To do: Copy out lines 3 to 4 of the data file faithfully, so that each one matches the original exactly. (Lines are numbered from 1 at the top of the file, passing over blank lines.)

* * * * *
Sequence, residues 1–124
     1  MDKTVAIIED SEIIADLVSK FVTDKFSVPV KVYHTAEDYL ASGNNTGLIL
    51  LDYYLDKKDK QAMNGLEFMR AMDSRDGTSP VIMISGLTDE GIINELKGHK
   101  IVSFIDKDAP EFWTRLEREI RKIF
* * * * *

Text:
    51  LDYYLDKKDK QAMNGLEFMR AMDSRDGTSP VIMISGLTDE GIINELKGHK
   101  IVSFIDKDAP EFWTRLEREI RKIF